Graphmatech's graphene technology unlocks the potential of copper additive manufacturing imageCopper powder was coated using Graphmatech’s patented graphene technology. Credit: Simon Tidén / Uppsala University

Additive manufacturing of metals can help produce customized and complex designs on demand and offer more sustainable manufacturing with reduced waste and lower material requirements. However, some metals, including pure copper, have proven a challenge due to their high reflectivity. At the wavelengths commonly used in laser powder bed fusion (the dominant technology in metal AM), only a small part of the energy is absorbed by the material, resulting in low density printed parts. This is what the team set out to address.

Grapheal raises almost $3 million for graphene-based biosensors, hopes to hit the market by end of 2021

Grapheal logoGrapheal, a developer of graphene-based embedded biosensors for on-site diagnostics and remote patient monitoring, has announced that it has raised a total of EUR1.9 million (almost USD$3 million) in equity and non-dilutive sources, including seed financing from Novalis Biotech’s Acceleration Fund, several innovation grants, and Bpifrance convertible notes and loans.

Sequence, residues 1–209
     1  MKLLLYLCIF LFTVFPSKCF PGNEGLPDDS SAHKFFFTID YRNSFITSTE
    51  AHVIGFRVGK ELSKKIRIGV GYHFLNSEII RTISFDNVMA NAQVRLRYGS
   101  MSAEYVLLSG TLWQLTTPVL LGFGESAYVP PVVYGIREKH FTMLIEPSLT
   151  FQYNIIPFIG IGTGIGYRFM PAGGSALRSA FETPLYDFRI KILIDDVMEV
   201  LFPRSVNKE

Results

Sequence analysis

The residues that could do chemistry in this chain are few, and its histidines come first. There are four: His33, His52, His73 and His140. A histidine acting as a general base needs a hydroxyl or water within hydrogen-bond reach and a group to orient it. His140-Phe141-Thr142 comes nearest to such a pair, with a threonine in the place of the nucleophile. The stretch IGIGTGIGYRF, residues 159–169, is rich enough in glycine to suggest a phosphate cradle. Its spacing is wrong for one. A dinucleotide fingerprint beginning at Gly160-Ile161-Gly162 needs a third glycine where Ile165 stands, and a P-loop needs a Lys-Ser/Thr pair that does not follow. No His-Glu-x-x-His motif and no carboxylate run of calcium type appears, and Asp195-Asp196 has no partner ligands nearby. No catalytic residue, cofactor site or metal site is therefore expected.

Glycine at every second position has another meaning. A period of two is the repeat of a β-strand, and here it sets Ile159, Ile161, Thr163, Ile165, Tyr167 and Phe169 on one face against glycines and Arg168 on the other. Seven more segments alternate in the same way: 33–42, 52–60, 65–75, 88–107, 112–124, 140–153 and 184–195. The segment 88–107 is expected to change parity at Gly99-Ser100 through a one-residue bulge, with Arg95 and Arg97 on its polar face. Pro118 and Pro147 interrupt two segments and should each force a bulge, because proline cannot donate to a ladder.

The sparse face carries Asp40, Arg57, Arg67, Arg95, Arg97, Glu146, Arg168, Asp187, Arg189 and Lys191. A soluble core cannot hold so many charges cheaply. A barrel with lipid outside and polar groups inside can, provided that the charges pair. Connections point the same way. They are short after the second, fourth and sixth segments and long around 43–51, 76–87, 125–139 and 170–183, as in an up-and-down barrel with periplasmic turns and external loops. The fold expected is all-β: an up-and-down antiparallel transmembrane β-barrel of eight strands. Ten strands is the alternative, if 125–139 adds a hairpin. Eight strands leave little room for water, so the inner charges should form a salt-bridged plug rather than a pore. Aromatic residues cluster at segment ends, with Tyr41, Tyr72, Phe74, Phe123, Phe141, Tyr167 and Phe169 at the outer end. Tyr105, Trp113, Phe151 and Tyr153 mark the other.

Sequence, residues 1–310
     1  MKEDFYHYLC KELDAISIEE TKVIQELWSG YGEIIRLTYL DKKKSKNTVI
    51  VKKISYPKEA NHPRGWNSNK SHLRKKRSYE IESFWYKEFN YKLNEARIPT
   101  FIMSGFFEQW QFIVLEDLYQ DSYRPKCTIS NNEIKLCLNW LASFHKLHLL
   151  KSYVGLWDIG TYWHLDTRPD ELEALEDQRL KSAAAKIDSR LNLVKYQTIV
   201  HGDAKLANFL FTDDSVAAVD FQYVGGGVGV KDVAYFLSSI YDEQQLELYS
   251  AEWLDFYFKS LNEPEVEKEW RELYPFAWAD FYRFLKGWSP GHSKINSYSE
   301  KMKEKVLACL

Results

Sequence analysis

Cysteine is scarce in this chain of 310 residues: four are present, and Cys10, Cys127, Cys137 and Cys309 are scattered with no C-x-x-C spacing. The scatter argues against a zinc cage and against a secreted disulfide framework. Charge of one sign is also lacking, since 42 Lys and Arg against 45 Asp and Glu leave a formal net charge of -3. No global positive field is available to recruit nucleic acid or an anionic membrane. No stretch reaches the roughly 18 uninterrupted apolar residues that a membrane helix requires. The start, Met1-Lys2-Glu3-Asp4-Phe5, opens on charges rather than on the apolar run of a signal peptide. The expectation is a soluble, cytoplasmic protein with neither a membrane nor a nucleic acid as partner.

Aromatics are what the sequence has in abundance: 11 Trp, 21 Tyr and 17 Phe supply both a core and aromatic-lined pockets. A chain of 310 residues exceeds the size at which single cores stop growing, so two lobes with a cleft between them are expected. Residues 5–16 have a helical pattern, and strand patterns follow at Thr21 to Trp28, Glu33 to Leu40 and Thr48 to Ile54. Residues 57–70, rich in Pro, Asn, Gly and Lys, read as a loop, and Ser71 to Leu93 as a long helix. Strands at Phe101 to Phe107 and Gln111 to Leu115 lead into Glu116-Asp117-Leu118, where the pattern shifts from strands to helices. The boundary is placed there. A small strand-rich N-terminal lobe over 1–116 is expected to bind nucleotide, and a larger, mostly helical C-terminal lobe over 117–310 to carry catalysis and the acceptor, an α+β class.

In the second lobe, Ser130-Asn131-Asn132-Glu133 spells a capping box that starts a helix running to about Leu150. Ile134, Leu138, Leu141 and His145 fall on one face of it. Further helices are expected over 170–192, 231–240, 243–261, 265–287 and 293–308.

The funds will be used to advance the commercialization of Grapheal’s flexible graphene-based biosensor technology. This sensing technology combines novel electronic nanomaterials, embedded wireless electronics, software data analysis, and medical cloud IoT technologies. The first two applications of the technology will be a new generation digital COVID-19 test (TestNPass) for rapid screening in high-traffic areas, such as airports, and a wound care digital assistant (WoundLAB) to improve the monitoring of hard-to-heal wounds. The funds will also be used to validate the two devices in the field and complete clinical studies, respectively.

Graphene-enhanced battery casing developer, Vaulta, enters agreement with Australian aerospace manufacturer

Vaulta logo imageA new Australian battery casing company called Vaulta has announced that it is working with Quickstep, Australia’s largest independent aerospace advanced composites manufacturer, to develop smarter technology for renewables, manned and unmanned drones and electric flight.